Call for Participation
Sponsored by the Association for the Advancement of Artificial Intelligence
The Westin Arlington Gateway
Washington, DC, November 4–6, 2021
- August 13, 2021: Submissions due to organizers (please see individual descriptions for extensions)
- September 3, 2021: Notifications of acceptance sent by organizers
The Association for the Advancement of Artificial Intelligence is pleased to present the 2021 Fall Symposium Series, to be held November 4-6, at the Westin Arlington Gateway in Arlington, Virginia. The topics of the seven symposia are:
- Artificial Intelligence for Human-Robot Interaction (AI-HRI)
- Artificial Intelligence in the Government and Public Sector
- Cognitive Systems for Anticipatory Thinking
- Computational Theory of Mind for Human-Machine Teams
- Human Partnership with Medical AI: Design, Operationalization, and Ethics
- Science-Guided AI
- Where AI meets Food Security: Intelligent Approaches for Climate-Aware Agriculture
An informal reception will be held on Thursday, November 4. A general plenary session, in which the highlights of each symposium will be presented, will be held on Friday, November 5.
Symposia generally range from 40-75 participants each. Participation will be open to active participants as well as other interested individuals on a first come, first-served basis. Each participant will be expected to attend a single symposium. Registration information will be available on the AAAI website in August 2021.
For further information, please contact:
AAAI Fall Symposium Series
2275 East Bayshore Road, Suite 160
Palo Alto, California 94303
Interested individuals should submit a paper or abstract by the deadline listed above. Please submit your submissions directly to the individual symposium according to their directions. Do not mail submissions to AAAI. See the appropriate section in each symposium description for specific submission requirements.
Most symposium organizers have elected to accept submissions via the AAAI Fall Symposium EasyChair site at https://easychair.org/conferences/?conf=fss21 Please be sure to select the appropriate symposium when submitting your work.
Artificial Intelligence for Human-Robot Interaction (AI-HRI)
The Artificial Intelligence for Human-Robot Interaction (AI-HRI) Symposium has been a successful venue of discussion and collaboration since 2014. This year, we aim to review the achievements of this community in the last decade, identify the challenges facing ahead, and welcome new researchers who wish to take part in this growing community. Taking this wide perspective, this year will have no single theme to lead the symposium and we encourage AI-HRI submissions from across disciplines and research interests. Moreover, with the rising interest in AR and VR as part of an interaction and following the difficulties in running physical experiments during the pandemic, this year we specifically encourage researchers to submit works that do not include a physical robot in their evaluation but promote HRI research in general. In addition, acknowledging that ethics is an inherent part of the human-robot interaction, we encourage submissions of works on ethics for HRI.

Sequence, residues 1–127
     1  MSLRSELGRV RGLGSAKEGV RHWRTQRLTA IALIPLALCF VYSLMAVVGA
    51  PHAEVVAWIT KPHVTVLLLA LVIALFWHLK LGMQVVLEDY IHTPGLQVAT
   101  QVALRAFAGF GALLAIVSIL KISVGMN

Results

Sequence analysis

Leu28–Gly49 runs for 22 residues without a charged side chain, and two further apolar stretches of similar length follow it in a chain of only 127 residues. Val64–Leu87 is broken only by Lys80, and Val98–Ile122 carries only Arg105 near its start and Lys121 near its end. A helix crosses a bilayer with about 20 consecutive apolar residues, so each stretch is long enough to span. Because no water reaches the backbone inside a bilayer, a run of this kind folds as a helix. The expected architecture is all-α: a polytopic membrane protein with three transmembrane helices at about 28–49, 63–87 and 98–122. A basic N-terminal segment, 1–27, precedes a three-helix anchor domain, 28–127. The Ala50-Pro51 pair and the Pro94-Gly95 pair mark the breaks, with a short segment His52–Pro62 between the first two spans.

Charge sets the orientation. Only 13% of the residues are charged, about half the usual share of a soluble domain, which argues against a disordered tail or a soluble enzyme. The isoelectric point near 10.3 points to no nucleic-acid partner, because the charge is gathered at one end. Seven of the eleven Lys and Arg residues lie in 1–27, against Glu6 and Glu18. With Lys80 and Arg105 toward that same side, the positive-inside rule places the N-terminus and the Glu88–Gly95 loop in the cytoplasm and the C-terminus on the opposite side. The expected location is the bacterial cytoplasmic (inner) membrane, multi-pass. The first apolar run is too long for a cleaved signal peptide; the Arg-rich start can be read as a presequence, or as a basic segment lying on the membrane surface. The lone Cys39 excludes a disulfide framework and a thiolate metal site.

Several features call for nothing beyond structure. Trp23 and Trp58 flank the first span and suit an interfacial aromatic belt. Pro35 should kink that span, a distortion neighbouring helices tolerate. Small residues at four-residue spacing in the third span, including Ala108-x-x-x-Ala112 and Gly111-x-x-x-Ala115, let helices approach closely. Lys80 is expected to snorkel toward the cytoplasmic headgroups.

- Ubiquitous HRI, including AR and VR,
- Ethics in HRI,
- Trust and Explainability in HRI,
- Interactive task learning,
- Interactive dialog systems,
- Field studies, experimental, empirical HRI,
- Robot planning and decision-making,
- AI for social robots
- Knowledge representation and reasoning to support HRI and robot tasking
Authors may submit under one of these paper categories:
- Full papers (6-8 pages) highlighting state-of-the-art HRI-oriented research.
- Short papers (2-4 pages) describing ongoing AI-oriented HRI research.
- Tool papers (2-4 pages) describing novel software, hardware, or datasets of interest to the AI-HRI community.
Please see the AAAI Author Kit to ensure that your submission has the proper formatting.
Contributions may be submitted here: https://easychair.org/my/conference?conf=fss21
The AI-HRI 2021 program chairs, firstname.lastname@example.org.
Reuth Mirsky (University of Texas, Austin), Megan L. Zimmerman (National Institute of Standards and Technology), Shelly Bagchi (National Institute of Standards and Technology), Jason R. Wilson (Franklin & Marshall College), Muneeb I. Ahmad (Heriot-Watt University), Christian Dondrup (Heriot-Watt University), Zhao Han (UMass Lowell), Justin W. Hart (University of Texas Austin), Matteo Leonetti (University of Leeds), Ross Mead (Semio), Emmanuel Senft (University of Wisconsin, Madison), Jivko Sinapov, Communications Co-Chair (Tufts University)
For More Information
For more information and updates, please visit the Symposium Website.
Artificial Intelligence in Government and Public Sector
AI is becoming ubiquitous, emerging from specialized niches to broad utility across societal, governmental, and public sector applications. However, AI in Government at the federal, state, and local levels, and related education and public heath institutions (hereafter referred to as Public Sector) faces its own unique challenges. AI systems in the public sector will be held to a high standard since they must operate in support of the public good. These systems will face increased scrutiny and stringent requirements for ethical operation, accountability, transparency, fairness, security, explainability, cost-effectiveness, policy, regulatory compliance, and operation without unintended consequences.
We invite thoughtful contributions, either through papers, speakers, panel proposals, or posters that present novel technical approaches to meeting these requirements or lessons learned from current implementations.